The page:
The huge right fist crashed into the left palm with the noise of a .45 pistol shot. The great square face of the Australian turned almost purple and the veins stood out on the grizzled temples. With controlled violence, but almost under his breath, he intoned savagely:
‘This is the great Australian insult. You can use it anyways.’ He raised his voice. ‘But in general it means a worthless pervert, ponce, scoundrel, liar, traitor and rogue—with no redeeming feature. And I hope your stewed seaweed sticks in your gullet at breakfast tomorrow when you know what I think of you.’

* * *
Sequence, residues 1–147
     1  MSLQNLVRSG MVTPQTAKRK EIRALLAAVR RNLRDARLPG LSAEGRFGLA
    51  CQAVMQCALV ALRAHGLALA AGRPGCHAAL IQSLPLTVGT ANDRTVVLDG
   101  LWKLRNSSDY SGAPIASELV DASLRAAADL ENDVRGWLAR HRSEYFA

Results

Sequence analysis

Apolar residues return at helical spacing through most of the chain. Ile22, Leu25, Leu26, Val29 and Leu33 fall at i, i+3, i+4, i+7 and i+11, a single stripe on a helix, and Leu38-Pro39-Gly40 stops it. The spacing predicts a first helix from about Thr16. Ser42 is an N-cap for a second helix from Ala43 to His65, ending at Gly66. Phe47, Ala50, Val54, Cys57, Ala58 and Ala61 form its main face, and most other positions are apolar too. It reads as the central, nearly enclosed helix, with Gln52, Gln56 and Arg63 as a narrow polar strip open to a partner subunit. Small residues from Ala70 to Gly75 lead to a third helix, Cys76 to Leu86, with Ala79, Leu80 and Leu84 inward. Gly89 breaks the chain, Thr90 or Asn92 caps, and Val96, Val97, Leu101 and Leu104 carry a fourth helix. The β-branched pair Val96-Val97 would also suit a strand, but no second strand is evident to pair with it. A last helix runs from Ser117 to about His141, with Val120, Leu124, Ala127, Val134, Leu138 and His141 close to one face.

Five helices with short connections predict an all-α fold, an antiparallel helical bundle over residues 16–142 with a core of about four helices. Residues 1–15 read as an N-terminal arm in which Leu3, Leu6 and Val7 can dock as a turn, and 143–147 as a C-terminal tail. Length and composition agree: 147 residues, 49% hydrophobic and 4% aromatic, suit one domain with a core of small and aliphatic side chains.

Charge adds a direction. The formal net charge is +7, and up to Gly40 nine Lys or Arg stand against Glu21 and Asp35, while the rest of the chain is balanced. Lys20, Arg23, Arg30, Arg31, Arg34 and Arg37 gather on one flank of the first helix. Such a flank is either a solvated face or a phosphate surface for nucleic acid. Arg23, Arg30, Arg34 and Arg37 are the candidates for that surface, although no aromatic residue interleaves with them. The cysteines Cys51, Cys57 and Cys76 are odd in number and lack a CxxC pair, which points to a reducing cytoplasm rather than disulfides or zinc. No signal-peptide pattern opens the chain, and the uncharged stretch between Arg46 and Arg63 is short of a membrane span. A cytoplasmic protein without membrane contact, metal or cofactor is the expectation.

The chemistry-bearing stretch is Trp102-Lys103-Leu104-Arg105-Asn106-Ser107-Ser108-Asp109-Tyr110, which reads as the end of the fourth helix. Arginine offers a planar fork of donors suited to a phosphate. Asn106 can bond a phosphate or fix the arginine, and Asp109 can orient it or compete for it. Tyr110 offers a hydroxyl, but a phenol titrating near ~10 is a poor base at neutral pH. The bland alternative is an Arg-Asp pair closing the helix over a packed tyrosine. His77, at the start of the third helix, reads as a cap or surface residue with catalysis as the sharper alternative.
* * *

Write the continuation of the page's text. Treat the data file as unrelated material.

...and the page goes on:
Ian Fleming, You Only Live Twice (Penguin, 1964): 32-33.